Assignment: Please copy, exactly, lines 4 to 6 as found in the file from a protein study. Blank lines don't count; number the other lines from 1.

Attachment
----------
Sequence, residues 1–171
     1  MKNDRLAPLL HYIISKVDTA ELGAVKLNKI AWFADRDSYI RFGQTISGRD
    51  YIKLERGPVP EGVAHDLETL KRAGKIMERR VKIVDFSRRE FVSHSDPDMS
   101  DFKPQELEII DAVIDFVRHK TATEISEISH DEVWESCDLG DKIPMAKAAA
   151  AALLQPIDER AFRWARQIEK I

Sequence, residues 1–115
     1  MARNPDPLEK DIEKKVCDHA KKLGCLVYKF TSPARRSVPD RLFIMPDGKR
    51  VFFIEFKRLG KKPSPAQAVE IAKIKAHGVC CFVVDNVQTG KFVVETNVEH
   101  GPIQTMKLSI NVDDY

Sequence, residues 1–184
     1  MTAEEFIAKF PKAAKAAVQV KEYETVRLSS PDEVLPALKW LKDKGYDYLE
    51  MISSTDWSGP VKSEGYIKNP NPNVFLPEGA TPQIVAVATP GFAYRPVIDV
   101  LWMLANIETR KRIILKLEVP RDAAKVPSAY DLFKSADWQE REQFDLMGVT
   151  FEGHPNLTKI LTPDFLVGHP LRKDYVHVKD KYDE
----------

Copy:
   101  DFKPQELEII DAVIDFVRHK TATEISEISH DEVWESCDLG DKIPMAKAAA
   151  AALLQPIDER AFRWARQIEK I

Sequence, residues 1–115